History of The Mission Inn

The Mission Inn is a unique property with an interesting history. Constructed in 1914, the house was a private residence until 1992 when it was converted to a bed and breakfast. We hope you enjoy this historical overview of the building and its owners through the years. We will be updating the story every month during 2017 to celebrate our 25th anniversary as a bed and breakfast. 

Part 1: Who Built The Mission Inn?

The Mission Inn was built in 1914 by Nelzon Z. Graves. Mr. Graves was a businessman from Philadelphia who owned a paint and varnish company.

In the early 1900's he traveled across the country to California to purchase a lead mine with the intention of shipping the raw materials back east for his business. While out west, he fell in love with the Spanish mission-style architecture that he saw. And when he returned to the east coast he decided to build his Cape May vacation home in that style, a stark contrast to the town's Victorian structures.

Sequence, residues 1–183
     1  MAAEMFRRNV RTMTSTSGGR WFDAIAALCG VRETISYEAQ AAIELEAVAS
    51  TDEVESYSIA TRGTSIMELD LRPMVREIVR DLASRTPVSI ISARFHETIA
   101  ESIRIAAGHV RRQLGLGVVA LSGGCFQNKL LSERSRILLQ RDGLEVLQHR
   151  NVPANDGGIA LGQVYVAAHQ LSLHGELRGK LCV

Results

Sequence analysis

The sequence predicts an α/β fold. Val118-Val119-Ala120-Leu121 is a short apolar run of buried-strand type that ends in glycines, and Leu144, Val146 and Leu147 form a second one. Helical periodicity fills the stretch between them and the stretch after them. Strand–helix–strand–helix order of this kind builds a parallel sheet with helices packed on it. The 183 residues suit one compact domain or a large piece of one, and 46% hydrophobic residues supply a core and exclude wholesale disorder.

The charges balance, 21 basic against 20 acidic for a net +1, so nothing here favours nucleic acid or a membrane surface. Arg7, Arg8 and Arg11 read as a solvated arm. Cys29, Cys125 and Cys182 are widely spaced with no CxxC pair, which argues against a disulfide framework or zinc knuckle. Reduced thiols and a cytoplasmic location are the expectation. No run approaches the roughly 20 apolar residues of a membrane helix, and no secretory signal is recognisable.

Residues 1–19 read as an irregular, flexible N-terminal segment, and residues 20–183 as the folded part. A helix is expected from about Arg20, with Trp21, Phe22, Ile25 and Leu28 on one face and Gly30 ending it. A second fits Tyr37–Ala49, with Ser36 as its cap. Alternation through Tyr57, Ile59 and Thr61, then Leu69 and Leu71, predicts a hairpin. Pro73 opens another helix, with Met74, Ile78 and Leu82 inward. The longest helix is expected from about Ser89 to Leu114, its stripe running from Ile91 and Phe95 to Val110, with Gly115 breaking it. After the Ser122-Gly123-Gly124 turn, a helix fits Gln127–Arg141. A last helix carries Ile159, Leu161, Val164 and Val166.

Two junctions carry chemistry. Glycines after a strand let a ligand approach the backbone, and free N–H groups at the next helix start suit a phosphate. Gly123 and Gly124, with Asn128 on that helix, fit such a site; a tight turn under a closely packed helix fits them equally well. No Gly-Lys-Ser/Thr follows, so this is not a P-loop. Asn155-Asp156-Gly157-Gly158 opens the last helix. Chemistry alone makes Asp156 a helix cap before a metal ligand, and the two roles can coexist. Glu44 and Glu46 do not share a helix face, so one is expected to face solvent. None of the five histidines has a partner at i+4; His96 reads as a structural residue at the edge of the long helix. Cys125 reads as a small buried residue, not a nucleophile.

In 1912, Mr. Graves partnered with a Philadelphia architect - Lloyd Titus - to design his dream home on New Jersey Avenue. Mr. Titus was well-known at the time for designing another East Cape May property: The Peter Shields Inn. Construction took more than two years, and during that time his company went bankrupt and he was forced to abandon the house just as it was completed in 1914.

Nelson Z. Graves was an interesting man with many interests in Cape May. Here are some quick facts about him:

  • He was born on August 10, 1880 and died at the age of 38 on March 31, 1918.
  • In his early years, he was an avid cricket player, playing on a semi-pro team called the Gentlemen of Philadelphia.
  • He was also the owner of the Cape May Light and Power Company as well as the town’s trolley line.
  • He also purchased the iconic Christian Admiral Hotel (also known as Hotel Cape May) in 1908; with 333 rooms it was touted as the world’s largest hotel when it opened.
  • In 1911, he became the president of the Cape May Real Estate Company.
  • During his tenure at the Real Estate Company, he directed the development of two well-known properties in Cape May: the Fun Factory, an amusement park on what is now the Coast Guard base, and the Cape May Casino, which later became the Cape May Playhouse.

Part 2: The Owners Through the Years

Coming soon!

Part 3: Artistic Connections

Coming soon!

Part 4: The B & B Beginning

Coming soon!

Part 5: Getting Back to Its Mission Roots

Coming soon!

Part 6: The Next Chapter

Coming soon!